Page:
Gérard Grisey

HCMF 2016: Shorts

Posted on by 5:4 in Concerts, HCMF, Premières | 3 Comments

Monday at HCMF is each year given over to a day of free concerts, invariably coming up with a huge variety of musical experiences that makes for an exhausting but (at its best) exhilarating experience. One obviously has to pan for sonic gold on days like this but, as always, it was to be found in abundance.

Zubin Kanga‘s electroacoustic piano recital included _derivations by Australian composer Ben Carey, a piece that, unlike so many in the bloated player-does-something-and-computer-does-something-back category, demarcated the nature, roles and utility of its acoustic/electronic elements perfectly, producing a simple but engrossing study in texture. In the Town Hall, five members of Explore Ensemble gave a marvellously dramatic account of Gérard Grisey‘s 1986 work Talea. The music is very much more spontaneous than Grisey’s programme note would have us believe, and its considerable shifts in energy were navigated with real brilliance; violinist David Lopez deserves a special shout-out for his fantastic playing in the work’s dazzlingly virtuosic conclusion.

Susanne Peters and Sarah Saviet weren’t done any favours by having their piccolo and violin recital located in St Thomas’ Church, a building that is as attractive inside as it is an effective amplifier for every bit of wind outside. Considering by this time of the day Storm Angus was lashing Huddersfield in a way unlike anything i’d hitherto experienced during the festival, the duo were seriously up against it. Evan Johnson‘s L’art de toucher le clavecin unfortunately didn’t stand a chance; the beautiful way Johnson seemingly fashions the music from wisps of smoke was barely audible (and i should point out i was sat barely a couple of metres away). Bruno Maderna‘s miniature Dialodia fared better, a blink-and-you’ll-miss-it morsel of light lyricism, the players exercising a modicum of freedom while remaining in each other’s orbit. Rising above the elements best, though, was Timothy McCormack‘s Glass Stratum, an exhilaratingly involving piece that first compartmentalises the players with discrete behavioural characteristics—the piccolo pensive, the violin more demonstrative—before causing them to permeate, penetrate, blend and merge, ultimately becoming dual aspects of a single musical entity. There was an intense air of intimacy throughout, as though the duo were playing to/with each other in private. Read more

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Proms 2016: Georg Friedrich Haas – Open Spaces II, Gérard Grisey – Dérives (UK Premières), Mica Levi – Signal Before War & David Sawer – April \ March (World Premières)

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Finally. Five weeks into this year’s season, the Proms at last finds its way, Red Riding Hood-like, away from the safe, well-trodden path into the unfamiliar terrain of the avant-garde. Twice, in fact; first thanks to the London Sinfonietta, whose afternoon concert at Camden’s Roundhouse last Saturday (there’s presumably a clause somewhere prohibiting anything too radical from being performed within the Royal Albert Hall), conducted by Andrew Gourlay, presented new works by Georg Friedrich Haas, Mica Levi and David Sawer alongside, among other things, Ligeti’s great classic Ramifications. And later that evening, Ilan Volkov and the BBC Symphony Orchestra brought Gérard Grisey’s Dérives to these shores. Quite a day! Read more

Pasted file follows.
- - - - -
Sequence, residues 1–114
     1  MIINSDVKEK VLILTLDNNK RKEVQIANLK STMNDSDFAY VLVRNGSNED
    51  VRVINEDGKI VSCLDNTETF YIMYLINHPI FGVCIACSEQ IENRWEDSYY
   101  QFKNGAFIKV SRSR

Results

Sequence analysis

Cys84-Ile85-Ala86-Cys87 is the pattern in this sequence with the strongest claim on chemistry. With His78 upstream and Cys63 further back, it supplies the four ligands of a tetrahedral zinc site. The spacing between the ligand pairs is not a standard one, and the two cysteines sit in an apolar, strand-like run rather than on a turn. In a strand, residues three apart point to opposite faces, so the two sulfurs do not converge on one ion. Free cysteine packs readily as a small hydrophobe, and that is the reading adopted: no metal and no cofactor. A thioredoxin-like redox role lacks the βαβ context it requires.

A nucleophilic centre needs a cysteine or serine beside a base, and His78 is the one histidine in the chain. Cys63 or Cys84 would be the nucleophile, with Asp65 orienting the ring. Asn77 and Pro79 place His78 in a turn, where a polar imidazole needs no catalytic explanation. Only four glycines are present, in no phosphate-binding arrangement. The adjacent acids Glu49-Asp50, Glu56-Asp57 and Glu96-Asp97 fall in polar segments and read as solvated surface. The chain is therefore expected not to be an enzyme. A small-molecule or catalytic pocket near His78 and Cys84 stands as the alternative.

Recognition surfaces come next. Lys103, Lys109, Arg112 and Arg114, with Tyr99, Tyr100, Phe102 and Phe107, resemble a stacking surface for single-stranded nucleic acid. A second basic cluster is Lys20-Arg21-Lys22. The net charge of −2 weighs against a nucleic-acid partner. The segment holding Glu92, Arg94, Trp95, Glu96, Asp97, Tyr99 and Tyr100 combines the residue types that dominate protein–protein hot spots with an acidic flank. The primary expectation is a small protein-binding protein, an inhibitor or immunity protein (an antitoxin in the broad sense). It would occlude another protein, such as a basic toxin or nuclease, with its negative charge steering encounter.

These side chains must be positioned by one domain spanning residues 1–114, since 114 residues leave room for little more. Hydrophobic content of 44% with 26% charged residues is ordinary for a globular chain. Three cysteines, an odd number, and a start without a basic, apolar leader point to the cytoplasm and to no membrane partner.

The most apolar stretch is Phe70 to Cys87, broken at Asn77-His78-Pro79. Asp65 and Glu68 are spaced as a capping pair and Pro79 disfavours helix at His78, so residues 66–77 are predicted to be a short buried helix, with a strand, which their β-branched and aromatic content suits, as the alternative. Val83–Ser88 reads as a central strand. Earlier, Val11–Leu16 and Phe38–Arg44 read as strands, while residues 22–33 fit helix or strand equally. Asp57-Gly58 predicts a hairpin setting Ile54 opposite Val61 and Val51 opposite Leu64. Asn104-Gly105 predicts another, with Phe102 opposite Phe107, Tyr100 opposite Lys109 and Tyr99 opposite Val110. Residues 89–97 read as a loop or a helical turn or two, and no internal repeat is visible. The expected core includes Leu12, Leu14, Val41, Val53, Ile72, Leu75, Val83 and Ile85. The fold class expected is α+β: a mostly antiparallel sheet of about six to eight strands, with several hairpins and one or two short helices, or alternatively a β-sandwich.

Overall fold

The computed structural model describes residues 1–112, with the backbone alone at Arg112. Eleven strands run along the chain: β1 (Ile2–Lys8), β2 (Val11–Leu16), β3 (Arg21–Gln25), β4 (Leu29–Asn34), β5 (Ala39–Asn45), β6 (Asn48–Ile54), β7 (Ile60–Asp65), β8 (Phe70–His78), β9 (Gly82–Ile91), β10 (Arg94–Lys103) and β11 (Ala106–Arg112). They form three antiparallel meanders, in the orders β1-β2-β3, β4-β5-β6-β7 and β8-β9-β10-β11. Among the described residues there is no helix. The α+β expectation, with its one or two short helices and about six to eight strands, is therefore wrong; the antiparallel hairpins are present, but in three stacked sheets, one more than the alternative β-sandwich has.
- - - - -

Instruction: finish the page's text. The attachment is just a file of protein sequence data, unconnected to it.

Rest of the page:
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Gérard Grisey – Mégalithes (UK Première)

Posted on by 5:4 in Premières | 1 Comment

In the last few years i’ve written about a number of pieces that languished ignored and unplayed for decades, and earlier this year another such work received its first UK performance, which was also—as far as anyone can tell—only the second time it had been heard. That fact is somewhat surprising considering that the work in question was Mégalithes, by the renowned French composer Gérard Grisey, whose work has long enjoyed an enthusiastic following throughout Europe, in part due to his innovative approach to sound, which became known as spectral music. Mégalithes predates those developments, however, composed in 1969 when Grisey was just 23 years old. The combination of that striking title and its scoring for 15 brass instruments (4 trumpets, 4 trombones, 6 horns and tuba, distributed around the performance space) suggests not so much a composition as a granite-hewn edifice. Yet Grisey’s motivation was neither hard nor impersonal; described as an “oeuvre composée à la mémoire des victimes du Biafra”, Mégalithes commemorates the million-plus innocent victims massacred in the Nigerian Civil War, which took place through the last three years of the 1960s.
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